He said the first flush accounted almost 10 percent of the entire tea crop in Darjeeling and most of the producers had missed out on that.

Datta said though there were rains now, the drought-like conditions had caused nearly 30 percent loss in tea production but there was a possibility of a recovery during the period between July to September.

Chairman of Darjeeling Tea Association (DTA) SS Bagaria said one-third of the area under tea cultivation in Darjeeling was still reeling under drought-like conditions.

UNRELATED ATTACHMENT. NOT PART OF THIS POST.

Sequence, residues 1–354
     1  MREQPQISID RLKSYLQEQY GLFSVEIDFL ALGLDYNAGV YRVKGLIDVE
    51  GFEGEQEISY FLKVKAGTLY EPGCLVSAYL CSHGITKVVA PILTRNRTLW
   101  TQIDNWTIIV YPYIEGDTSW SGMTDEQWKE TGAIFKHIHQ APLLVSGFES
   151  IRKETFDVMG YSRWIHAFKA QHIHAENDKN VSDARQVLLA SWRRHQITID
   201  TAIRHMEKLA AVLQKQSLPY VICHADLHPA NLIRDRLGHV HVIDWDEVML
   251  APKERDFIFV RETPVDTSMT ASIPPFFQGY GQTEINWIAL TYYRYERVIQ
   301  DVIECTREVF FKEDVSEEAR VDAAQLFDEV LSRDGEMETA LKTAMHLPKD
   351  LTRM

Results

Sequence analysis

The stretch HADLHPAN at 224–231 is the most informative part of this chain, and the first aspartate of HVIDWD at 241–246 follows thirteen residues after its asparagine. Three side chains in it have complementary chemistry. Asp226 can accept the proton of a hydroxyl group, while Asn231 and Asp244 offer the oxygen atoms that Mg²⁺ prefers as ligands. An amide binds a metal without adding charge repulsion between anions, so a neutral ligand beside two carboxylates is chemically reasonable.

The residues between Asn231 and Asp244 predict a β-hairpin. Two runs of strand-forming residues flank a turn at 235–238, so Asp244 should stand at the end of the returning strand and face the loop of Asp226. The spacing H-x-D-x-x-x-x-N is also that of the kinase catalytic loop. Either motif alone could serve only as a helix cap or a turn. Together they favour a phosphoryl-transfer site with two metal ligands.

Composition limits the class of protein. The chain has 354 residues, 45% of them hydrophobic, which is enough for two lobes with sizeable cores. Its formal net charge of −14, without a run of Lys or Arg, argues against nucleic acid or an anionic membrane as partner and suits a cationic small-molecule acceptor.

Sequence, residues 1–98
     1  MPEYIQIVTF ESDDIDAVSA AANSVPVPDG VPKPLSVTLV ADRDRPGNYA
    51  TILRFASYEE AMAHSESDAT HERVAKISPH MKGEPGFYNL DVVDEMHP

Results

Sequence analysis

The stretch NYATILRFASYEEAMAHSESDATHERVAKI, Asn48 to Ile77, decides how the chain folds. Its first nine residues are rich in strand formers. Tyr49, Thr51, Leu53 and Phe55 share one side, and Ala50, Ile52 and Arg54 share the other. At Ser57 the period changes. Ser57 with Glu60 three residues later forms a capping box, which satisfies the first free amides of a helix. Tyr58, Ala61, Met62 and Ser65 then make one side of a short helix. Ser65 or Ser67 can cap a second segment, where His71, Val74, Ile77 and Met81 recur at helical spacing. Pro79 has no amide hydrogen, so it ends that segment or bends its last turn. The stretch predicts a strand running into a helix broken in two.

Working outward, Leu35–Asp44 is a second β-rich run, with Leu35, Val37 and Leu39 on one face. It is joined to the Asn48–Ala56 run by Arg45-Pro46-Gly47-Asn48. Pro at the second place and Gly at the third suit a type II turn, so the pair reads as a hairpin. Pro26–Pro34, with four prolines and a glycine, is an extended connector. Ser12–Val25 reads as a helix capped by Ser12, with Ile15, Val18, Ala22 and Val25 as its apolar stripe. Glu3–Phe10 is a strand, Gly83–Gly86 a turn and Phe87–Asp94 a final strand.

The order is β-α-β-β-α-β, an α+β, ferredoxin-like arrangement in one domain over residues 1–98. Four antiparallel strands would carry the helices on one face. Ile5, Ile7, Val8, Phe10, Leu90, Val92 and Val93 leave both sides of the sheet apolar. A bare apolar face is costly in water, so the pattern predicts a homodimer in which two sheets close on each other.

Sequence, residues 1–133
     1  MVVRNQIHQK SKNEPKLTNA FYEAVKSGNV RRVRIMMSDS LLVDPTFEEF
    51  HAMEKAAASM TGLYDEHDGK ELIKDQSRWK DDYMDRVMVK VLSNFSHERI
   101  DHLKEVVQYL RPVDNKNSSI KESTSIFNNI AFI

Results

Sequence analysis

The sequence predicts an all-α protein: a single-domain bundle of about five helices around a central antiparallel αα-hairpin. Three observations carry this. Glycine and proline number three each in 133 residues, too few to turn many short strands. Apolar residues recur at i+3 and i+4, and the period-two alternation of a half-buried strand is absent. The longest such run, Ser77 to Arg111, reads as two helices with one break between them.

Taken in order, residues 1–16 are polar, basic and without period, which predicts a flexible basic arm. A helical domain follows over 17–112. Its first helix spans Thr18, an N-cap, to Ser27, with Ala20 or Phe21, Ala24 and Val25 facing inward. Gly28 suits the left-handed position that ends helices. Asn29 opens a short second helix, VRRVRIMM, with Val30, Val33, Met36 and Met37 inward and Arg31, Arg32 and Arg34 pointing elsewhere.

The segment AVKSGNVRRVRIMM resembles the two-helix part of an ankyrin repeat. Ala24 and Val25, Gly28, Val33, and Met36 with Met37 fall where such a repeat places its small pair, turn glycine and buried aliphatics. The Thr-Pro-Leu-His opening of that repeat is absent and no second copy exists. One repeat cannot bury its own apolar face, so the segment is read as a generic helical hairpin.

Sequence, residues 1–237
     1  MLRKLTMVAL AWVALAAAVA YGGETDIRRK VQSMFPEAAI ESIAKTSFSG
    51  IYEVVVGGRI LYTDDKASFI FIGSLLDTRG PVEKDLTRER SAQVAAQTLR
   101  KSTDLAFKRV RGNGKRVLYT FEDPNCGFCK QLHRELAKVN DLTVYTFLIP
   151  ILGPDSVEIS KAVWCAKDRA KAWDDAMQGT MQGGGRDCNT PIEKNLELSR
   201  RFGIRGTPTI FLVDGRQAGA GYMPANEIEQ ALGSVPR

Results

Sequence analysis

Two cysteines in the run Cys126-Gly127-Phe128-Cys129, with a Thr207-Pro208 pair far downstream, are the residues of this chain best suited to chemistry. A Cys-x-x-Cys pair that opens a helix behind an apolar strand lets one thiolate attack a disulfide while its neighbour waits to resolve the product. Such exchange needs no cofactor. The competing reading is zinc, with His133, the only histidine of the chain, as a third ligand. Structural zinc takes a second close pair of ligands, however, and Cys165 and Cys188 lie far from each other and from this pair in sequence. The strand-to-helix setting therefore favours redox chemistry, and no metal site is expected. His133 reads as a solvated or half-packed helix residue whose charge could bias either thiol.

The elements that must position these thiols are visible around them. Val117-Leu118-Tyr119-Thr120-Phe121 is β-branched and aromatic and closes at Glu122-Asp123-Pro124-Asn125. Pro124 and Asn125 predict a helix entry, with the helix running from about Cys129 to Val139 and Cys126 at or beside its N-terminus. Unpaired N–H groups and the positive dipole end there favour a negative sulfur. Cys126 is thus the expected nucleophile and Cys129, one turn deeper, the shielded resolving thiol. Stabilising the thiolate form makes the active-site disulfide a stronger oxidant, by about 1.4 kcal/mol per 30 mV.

"The Mirik Valley area is still having lack of rainfall. The bushes are drying and there is a shortage of leaves. This makes the economics of the gardens in the area unviable," Bagaria said.

He said that so far, crop loss in the premium tea producing region was down by 40 percent from the last year.

To add to the woes there was a long summer last year in the European Union which resulted in a huge carry-over stock, he said.

During the summer, tea consumption in the EU declines considerably as people prefer other drinks.

However, producers were of the view that the crop loss is unlikely to have any impact on the price level.

The entire Darjeeling area produces nine million kg of orthodox tea which is generally exported.


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